The second column will be your visual process column. At first, this may not include any actual visuals at all, but a description of what the visuals will be. If you’re creating a written document, you don’t need to have a matching visual for every step in column one. If you’ll be creating a screencast, every box should have a note about the type of visual to be included. There should be little to no empty screen time in a video.
An example of this table is below under “Example Outline,” but first you have to know more about the types of visual aids.
Types of visuals and when to use them
Every process can benefit from different types of visuals. The medium will change depending on its purpose.
- Still images – this is the perfect medium when trying to visualize a physical product, be it a person or specific object like a type of pan. These can be stock photographs or photos you’ve taken.
- Screenshot – a still image of your screen is great when talking about products that are seen on your computer, such as a website or another piece of software. They’re super easy to take and edit, especially thanks to Snagit.
- GIF – animated images are perfect for explaining short processes (under 8 seconds) which may not be as easily articulated.
- Chart – bar charts, pie charts, line charts, so many types of charts! A chart is the best choice when talking about and comparing a set of numbers.
- Video – the ultimate visual, a video is great for explaining a process. How to make a great technical video is an art form which can certainly be helped by this process but requires much more planning. (Lucky for you, I learned a lot from TechSmith, and they have a lot more to say on the subject).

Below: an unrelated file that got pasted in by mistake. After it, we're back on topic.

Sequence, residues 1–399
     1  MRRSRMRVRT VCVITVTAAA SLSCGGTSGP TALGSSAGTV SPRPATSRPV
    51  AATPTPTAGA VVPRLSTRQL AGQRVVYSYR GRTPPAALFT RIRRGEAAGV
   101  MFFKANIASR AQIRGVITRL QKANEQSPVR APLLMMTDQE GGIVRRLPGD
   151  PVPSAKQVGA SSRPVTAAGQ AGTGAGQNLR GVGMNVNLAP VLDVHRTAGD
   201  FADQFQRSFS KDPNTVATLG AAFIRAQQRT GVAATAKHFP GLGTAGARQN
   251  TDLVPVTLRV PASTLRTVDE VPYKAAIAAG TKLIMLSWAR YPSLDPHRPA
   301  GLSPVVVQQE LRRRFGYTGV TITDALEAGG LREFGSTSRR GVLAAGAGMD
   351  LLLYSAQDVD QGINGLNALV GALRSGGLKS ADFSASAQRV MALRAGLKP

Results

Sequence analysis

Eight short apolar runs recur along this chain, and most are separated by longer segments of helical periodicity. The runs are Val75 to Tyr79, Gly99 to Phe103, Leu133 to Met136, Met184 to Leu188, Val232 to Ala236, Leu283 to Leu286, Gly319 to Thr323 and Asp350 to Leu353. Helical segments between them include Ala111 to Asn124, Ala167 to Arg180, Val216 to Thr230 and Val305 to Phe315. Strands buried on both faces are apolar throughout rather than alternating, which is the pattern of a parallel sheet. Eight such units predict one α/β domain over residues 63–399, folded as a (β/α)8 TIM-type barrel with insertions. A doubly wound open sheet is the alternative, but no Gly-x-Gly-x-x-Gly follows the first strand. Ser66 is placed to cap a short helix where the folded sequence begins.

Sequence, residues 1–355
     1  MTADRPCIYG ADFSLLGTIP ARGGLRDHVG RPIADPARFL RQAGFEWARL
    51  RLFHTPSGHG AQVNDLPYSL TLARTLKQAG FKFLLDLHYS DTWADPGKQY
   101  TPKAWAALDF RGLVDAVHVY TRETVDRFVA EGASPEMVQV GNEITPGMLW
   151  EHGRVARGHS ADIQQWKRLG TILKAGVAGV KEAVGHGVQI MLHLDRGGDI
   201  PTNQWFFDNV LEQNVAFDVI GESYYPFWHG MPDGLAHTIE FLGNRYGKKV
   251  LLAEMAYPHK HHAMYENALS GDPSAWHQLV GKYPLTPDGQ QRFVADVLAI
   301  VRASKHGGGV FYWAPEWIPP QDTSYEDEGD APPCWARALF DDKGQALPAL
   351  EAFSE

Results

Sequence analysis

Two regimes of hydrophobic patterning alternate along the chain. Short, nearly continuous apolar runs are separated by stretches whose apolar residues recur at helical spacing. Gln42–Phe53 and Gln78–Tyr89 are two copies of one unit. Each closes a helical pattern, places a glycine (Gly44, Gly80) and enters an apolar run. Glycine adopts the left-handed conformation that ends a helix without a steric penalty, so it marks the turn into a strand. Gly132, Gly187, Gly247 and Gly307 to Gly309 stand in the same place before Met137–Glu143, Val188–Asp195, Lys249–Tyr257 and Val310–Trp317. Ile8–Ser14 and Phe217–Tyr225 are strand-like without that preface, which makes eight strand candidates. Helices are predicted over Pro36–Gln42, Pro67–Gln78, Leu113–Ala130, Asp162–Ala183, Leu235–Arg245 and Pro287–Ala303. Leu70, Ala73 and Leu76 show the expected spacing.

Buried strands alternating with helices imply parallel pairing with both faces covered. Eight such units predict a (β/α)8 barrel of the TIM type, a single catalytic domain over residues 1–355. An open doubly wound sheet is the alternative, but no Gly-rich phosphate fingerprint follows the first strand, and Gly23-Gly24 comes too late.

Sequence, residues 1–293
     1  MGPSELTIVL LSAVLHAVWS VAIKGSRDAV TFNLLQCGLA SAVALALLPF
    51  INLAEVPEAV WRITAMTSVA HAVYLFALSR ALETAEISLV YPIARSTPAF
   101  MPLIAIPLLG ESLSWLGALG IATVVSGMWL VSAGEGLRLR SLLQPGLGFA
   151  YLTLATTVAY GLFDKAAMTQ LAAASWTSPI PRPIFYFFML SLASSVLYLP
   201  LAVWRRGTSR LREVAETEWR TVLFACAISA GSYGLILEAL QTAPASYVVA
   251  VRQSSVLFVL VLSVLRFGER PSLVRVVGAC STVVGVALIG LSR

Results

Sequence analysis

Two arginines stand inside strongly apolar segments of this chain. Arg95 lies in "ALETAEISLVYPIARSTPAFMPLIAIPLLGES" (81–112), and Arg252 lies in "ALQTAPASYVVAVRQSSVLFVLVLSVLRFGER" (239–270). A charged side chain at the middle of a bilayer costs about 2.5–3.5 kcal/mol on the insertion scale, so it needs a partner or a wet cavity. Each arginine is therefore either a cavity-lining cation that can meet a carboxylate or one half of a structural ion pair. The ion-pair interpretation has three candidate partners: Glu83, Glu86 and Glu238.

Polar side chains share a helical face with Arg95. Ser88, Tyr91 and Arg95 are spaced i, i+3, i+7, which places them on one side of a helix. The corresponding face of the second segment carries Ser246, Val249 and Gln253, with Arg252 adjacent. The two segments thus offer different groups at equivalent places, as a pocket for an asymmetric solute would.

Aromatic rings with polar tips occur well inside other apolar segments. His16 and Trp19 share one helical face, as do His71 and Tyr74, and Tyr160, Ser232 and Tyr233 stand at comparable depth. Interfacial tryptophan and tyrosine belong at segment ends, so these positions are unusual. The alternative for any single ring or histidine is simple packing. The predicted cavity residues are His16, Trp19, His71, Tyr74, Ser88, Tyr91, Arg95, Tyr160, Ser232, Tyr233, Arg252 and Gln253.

Feel free to use a mix of mediums with your writing. Each will meet different needs for different steps.
Recipes are one of the best examples of a process that often requires precision in which visuals can make a huge difference. Let’s say I want to outline the instructions for making a cake:
|1. Gather all of the ingredients to ensure nothing is missing. If an ingredient is missing, acquire that ingredient before continuing.||Picture of assembled ingredients|
|2. Preheat the oven to 350 degrees Fahrenheit.|
|3. Grease and flour a 9 x 9 inch square cake pan.|
|4. In a medium bowl, cream together the sugar and butter.||GIF of creaming process|
|5. Crack the eggs into the bowl one at a time, stirring to incorporate.|
|6. Stir in the vanilla.|
|7. Sift the flour and baking powder in the bowl and mix until just incorporated. There may be clumps or streaks of flour left.||GIF of sifting or photo of finished stirred product pre-milk|
|8. Stir in the milk until the batter is completely smooth.||Photo of finished batter (possible side by side with picture for step 7)|
|9. Pour or spoon batter into the prepared cake pan.|
|10. Bake for 30 to 40 minutes in the preheated oven.The cake is done when golden brown on top. The top should spring back to the touch.||Photo of finished cake|
If every step had an image, that would be a bit… gratuitous.
The images I’ve selected are helpful in articulating mini processes within a larger process. In particular, the picture in step 7 of the mix stirred so far is a crucial piece of visual evidence. Having baked a number of cakes with this instruction, the difference between just right and over-mixed… I wish I always had a picture. There could be an instruction manual written just on the intricacies of how long to mix — every other page would have to be an image.